There’s plenty of promise in the southern end of the Willamette Valley, and Stephen Hagen’s Antiquum Farm may be the best evidence of that. His tireless, closed loop viticultural philosophy is turning heads toward rural Junction City as a place to showcase Pinot Noir’s ability to produce both power and grace. Hagen, who grew up in the unspoiled terrain near his current vineyards, is methodical and industrious. He built his own house, is steadfastly tied to his exhausting agricultural approach and shares the many duties of busy farm life with his wife and two kids — and it’s paying off.
Often labeled “grazing-based viticulture,” Hagen’s farming mentality is one rooted in ancient tradition. He counts on rotational grazing to carry nutrients from a family of cover crops to his vineyard. Sharply trained sheep do most of this, with trusty horses on hand to tow equipment along with geese and chickens. No outside inputs are needed, and his vineyard is entirely self-sustaining.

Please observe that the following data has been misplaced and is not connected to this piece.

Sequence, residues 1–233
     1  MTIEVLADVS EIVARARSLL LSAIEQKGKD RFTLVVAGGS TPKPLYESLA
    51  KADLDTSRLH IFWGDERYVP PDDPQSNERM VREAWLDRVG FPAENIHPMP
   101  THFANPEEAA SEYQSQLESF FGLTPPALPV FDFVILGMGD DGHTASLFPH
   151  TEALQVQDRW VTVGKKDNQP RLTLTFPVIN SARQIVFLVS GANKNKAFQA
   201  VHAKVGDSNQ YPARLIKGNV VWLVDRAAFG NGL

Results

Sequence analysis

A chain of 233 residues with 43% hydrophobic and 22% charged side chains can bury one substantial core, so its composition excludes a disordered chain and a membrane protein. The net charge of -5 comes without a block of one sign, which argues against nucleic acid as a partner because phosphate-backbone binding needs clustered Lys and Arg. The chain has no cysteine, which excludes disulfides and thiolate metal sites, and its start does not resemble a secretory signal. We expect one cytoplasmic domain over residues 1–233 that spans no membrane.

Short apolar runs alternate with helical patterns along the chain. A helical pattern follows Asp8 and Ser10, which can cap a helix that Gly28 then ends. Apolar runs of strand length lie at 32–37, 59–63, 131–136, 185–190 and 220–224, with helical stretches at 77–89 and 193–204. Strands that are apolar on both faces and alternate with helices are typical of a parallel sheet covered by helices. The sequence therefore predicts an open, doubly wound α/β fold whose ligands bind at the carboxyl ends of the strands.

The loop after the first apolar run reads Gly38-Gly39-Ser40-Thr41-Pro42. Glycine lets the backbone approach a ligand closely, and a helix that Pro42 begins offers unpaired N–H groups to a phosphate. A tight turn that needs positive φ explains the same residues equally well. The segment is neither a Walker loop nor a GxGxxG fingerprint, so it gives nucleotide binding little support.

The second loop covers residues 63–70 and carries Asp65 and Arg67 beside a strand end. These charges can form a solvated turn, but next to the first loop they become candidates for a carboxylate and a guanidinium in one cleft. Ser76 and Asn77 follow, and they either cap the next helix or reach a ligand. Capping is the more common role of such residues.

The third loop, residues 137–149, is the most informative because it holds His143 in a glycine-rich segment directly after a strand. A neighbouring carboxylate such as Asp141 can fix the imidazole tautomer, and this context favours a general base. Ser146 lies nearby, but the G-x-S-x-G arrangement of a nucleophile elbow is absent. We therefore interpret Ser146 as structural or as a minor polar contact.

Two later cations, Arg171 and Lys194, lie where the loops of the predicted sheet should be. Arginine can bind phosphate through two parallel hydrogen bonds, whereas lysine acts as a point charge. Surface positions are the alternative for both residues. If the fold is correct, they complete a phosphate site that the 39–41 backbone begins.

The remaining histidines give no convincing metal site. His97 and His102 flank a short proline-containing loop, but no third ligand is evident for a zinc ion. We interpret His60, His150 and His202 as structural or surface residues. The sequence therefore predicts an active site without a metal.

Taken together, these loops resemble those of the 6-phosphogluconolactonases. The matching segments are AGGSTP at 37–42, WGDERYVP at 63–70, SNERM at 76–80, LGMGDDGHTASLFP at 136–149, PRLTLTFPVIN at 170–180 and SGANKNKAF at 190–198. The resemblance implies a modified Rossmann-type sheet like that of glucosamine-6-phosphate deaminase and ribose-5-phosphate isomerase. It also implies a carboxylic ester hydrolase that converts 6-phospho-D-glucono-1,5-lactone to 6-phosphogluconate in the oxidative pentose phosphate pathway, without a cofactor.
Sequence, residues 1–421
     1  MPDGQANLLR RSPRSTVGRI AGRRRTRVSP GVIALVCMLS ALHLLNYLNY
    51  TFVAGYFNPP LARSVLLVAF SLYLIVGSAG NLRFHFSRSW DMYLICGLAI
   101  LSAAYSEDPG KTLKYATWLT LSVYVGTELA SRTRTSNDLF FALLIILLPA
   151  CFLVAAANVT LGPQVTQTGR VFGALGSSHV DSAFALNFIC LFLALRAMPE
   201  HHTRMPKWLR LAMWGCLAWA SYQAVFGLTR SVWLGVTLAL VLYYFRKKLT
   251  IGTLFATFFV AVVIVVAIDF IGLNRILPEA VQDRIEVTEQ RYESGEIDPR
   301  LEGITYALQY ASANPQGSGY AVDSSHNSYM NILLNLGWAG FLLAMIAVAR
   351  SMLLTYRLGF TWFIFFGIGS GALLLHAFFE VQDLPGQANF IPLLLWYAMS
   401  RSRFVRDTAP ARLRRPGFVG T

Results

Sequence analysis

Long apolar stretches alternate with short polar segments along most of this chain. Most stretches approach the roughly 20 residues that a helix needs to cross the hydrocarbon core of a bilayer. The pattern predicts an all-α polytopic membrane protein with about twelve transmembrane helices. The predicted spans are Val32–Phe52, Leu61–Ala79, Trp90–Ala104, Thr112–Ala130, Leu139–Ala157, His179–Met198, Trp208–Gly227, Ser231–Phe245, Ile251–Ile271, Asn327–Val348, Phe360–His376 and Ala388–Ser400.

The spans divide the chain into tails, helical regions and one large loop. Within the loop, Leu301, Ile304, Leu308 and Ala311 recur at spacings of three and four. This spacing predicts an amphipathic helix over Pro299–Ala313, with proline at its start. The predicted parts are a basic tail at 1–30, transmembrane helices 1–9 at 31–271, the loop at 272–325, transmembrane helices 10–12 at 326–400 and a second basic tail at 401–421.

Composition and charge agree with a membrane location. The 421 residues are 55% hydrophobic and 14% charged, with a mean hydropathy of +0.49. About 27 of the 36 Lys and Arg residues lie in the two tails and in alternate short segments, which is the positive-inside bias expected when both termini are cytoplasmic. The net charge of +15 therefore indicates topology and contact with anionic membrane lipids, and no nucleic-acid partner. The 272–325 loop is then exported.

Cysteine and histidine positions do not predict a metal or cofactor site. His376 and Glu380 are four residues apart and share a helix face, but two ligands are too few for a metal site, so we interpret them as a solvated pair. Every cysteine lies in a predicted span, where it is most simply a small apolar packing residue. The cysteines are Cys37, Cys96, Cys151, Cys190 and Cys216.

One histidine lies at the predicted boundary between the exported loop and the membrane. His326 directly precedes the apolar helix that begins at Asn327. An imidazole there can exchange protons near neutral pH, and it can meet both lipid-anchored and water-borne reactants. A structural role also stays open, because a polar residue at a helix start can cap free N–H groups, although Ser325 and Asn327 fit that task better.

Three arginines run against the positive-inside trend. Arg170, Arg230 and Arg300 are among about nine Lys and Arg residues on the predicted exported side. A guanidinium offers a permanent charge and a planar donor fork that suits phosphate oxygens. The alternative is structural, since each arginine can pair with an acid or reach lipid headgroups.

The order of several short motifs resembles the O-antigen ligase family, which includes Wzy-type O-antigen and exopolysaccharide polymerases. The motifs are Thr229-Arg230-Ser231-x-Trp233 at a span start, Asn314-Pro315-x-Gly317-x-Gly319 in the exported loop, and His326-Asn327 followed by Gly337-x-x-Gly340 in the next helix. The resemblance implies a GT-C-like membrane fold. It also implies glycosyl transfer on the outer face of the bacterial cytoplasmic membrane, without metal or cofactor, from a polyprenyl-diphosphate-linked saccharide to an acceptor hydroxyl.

Hagen’s holistic farm puts the idea of terroir on a pedestal. His vibrant wines are rarely bashful — full of depth and personality. A term Hagen often associates with Antiquum Farm wines is “exotic.” Typical of that description is Hagen’s Passiflora Pinot Noir 2016 a heady combination of rich, mouth-filling flavors of dark raspberries, bittersweet dark chocolate and Valencia oranges. The Juel Pinot Noir 2016 is a bit leaner but still manages to pack a lot of cedar and blackberries into every sip. The Daisy Pinot Gris 2017 (Everyday wine), named in honor of Hagen’s daughter, is full of sass, with tangy acidity and a complex combination of green tea, lime peel, tropical fruit and a mineral component that is reminiscent of a wet sidewalk after a hard summer rain.
FERTILIZERS compost, manure
PLANT PROTECTION copper and sulfur
WEED CONTROL mechanical, mowing
YEASTS spontaneous fermentation
GRAPES 100% estate-grown